Eddie tries to meet up with Hawk. Noa informs Cal about this, so Cal intercedes. Eddie receives a text from Hawk, asking him to meet him at a gas station, but Hawk doesn’t show up. Instead, it’s three big men, who beat him up and tell him to stay in the shadows where the deniers belong. Eddie asks Hank to get the files on everyone who’s ever left the movement, doubling down on his commitment to ending the police. His emotions are running high after the beat down. When Sarah shows up at his apartment to talk about her and Cal, Eddie lets it slip that he’s working with Richard.

Sarah searches Richard’s office, finding a key to the apartment where Felicia is staying. Sarah goes there, coming face to face with one of the biggest critics of her and Cal’s leadership. We can expect a good confrontation between the two next week. Cal has a nightmare—Steve tells him he gave his necklace to a worthy one, Cal tries to strangle Steve, but Steve survives and begins creepily singing him a lullaby. The last image we’re left with is Cal in bed, shaken and disturbed.

While the episode itself felt slow, the pieces are in place for a dramatic episode next week. There’s only two more episodes left in the season, but so many questions remain.


Season 2, Episode 11 (S02E11)
The Path airs Wednesdays on Hulu

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Jennifer lives for two things: spreading the “Superstore” gospel and themed “Law & Order: SVU” marathons on USA.
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  1. Thank you for this review. I saw it but will have to see it 6 or 8 more times to get everything straight.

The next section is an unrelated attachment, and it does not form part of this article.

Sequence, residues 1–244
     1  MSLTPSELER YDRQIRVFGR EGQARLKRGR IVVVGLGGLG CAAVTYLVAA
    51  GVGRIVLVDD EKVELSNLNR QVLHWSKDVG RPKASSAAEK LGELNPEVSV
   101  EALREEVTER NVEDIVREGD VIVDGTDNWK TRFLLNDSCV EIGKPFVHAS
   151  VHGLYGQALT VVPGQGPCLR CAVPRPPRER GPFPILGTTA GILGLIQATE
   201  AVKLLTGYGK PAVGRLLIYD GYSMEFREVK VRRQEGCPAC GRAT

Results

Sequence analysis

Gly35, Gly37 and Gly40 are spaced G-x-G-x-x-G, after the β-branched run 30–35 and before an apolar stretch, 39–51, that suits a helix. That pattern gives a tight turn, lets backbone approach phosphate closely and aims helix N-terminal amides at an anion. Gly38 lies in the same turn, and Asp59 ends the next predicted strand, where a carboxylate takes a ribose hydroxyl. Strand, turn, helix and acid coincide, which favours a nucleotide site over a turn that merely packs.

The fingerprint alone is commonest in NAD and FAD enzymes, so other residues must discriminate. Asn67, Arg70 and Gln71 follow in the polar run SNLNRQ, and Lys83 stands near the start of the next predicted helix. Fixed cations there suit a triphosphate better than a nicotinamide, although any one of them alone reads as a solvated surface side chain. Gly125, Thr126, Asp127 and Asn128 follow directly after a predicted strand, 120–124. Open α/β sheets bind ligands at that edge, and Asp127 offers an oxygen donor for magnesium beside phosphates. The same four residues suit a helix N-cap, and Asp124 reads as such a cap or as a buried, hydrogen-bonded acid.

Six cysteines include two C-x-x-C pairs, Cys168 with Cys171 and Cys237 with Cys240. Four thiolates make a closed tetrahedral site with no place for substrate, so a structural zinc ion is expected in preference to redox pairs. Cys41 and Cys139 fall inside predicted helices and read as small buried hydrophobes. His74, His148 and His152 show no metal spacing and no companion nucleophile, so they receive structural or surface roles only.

“doubling down on his commitment to ending the police.” Do you mean policy?

    My link is an article about how to watch out for cults or cult-like behavior, which can be individuals as well.

  2. Speaking of the preview for episode 12: I have suspected for some time that the series (or at least this season) would end with the community being burned to the ground. In the animated title montage, one of the first things is a house on fire. Everything else, the water, the snake around the dead person, someone going berserk in isolation, the community with more people joining, etc., have all happened. Kodiak said to Gaby that the community was doomed. There have also been numerous references to “fire” and “burning” in interviews, etc. I think Richard (or someone) is going to set the whole place on fire.

    Maybe that’s what season 3 is? All the people who have spent their lives there will be forced into the outside world (live in the city center? remember when Kodiak said “The building will consume us”?) and have to live with all the I.S. and modern things? Anyway, maybe I’m wrong. But I hope if it does happen, Eddie will really rebuild the place closer to the idealistic Garden that Steve said “it’s yours” in his vision, because people should have a retreat and there really are hippie commune-like places like The Farm, Twin Oaks, Needmore and Hog Farm that are still going on.